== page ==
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Janielle Guzinski

Graduate Student - Landscape Architecture,

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What will happen when the world speaks only a few languages?

Increasing levels of globalization are causing a few languages to spread at unprecedented rates. But many less common languages and their associated cultures are going extinct. Programs exist for the conservation of species and habitats at risk of extinction, but very little attention is given to language extinction. Some scientists are suggesting that there are more languages at risk of extinction than bird or mammal species

Does language extinction really matter? It is hard to imagine how the loss of a language halfway around the world would impact your life, and diversity in language makes it difficult to understand one another. But should that diversity be preserved?

References:
http://www.nature.com/nature/journal/v423/n6937/full/nature01607.html
http://www.tandfonline.com/doi/full/10.1080/01434632.2012.709973#.Ua6KRutAv_I

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        • Jun 5 2013: I see the parallel between species extinction and language extinction. Species can evolve or die out naturally over time or humans can over exploit them and degrade their habitat, causing them to die out in a relatively short amount of time.
          Similarly, as people interact with the world and each other in new ways, language will change. I do think the means by which this change occurs and the time scale over which it occurs matters.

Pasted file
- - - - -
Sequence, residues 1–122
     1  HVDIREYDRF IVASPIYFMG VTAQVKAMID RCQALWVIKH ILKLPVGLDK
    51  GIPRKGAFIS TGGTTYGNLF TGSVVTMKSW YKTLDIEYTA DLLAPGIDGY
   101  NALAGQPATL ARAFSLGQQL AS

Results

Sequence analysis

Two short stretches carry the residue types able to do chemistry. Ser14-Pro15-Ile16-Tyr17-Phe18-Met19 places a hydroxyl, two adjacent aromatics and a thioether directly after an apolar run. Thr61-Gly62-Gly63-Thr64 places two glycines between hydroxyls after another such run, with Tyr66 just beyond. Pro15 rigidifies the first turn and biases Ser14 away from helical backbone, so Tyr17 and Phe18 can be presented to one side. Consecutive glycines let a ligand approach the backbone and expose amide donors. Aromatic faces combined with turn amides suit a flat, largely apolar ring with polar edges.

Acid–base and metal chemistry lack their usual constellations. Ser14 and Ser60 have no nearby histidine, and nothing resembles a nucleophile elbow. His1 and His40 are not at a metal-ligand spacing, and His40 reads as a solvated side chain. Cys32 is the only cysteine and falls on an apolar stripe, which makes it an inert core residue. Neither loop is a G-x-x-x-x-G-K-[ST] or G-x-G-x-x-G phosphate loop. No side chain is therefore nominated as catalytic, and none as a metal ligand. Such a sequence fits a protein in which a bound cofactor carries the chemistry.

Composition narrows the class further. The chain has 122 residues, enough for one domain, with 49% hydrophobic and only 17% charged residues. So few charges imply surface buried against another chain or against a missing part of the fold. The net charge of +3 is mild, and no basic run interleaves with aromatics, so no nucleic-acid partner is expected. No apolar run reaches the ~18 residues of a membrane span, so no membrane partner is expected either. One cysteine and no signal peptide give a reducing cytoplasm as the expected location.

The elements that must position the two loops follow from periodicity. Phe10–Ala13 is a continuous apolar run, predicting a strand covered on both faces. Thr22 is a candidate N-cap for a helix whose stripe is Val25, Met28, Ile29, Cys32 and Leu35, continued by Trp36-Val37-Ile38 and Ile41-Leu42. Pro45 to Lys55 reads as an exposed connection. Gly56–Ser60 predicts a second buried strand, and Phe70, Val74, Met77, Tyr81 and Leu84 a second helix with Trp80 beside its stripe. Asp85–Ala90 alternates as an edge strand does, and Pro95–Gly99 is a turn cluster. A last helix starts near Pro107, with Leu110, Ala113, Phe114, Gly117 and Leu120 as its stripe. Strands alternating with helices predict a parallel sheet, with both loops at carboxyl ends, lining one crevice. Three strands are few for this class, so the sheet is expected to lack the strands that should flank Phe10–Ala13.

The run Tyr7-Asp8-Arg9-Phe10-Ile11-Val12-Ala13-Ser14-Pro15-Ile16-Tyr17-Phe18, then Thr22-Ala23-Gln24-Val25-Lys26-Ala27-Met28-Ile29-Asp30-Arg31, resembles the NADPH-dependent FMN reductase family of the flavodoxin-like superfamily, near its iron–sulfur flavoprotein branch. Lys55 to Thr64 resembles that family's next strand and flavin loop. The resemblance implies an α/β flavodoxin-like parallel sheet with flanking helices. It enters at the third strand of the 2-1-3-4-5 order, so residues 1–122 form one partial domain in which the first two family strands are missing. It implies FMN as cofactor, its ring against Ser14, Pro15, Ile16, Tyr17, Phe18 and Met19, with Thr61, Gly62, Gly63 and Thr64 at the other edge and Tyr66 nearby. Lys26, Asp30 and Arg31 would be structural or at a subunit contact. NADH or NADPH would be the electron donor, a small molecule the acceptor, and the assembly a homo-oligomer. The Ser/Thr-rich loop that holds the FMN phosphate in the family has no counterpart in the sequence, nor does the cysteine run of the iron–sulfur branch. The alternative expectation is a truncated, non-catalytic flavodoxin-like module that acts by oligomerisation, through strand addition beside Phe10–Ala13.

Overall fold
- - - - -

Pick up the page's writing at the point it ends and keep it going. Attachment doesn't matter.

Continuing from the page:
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        • Jun 5 2013: Yes, but is it “natural” when these people have basically been forced into assimilation because of years of oppression and turmoil? What would have happened if Europeans had recognized different Native American peoples as independent nations with unique cultures and let them be?
        • Jun 6 2013: Sadly it is true that many native american languages have died out because there is not necessarily the need for them on a day to day basis. Nevertheless I think that they are important to each tribe in retaining their cultural identity. Also, if anyone remembers the film "Windtalkers", it brings to light the story of how the Navajo language was used in WWII as a code that remains unbroken to this day (http://www.navajocodetalkers.org/ is the official website of the Navajo codetalkers). For me this was an interesting example to read about given the U.S.'s history of oppressing the Native American people and forcing them off their native lands and on to reservations (Trail of Tears). Despite all of that in the U.S's time of need, despite the history with the government the people of Najavo nation were instrumental in the outcome of WWII.

          Nowadays maybe it is necessary for governments to intervene. Overtime we've recognized the importance of regional languages or native people's languages to their cultural identities and history...maybe it's time to work with the people to ensure the survival of these languages. Thoughts?
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    • Jun 7 2013: LaMar, your comment rings true with the Dutch people - it is a small nation, but extremely densely populated (16 million people crammed into a country the size of Maryland.) But, the Dutch were a force to be reckoned with in the 1600s, and hung on to their language for hundreds of years while in America, despite other language influences. This article outlines how language has been affected and survived throughout the world, despite the fact that "More than 25% of all the languages in the world have fewer than 1000 speakers.":
      http://mondayeveningclub.blogspot.be/2009/02/why-we-dont-all-speak-dutch-language.html

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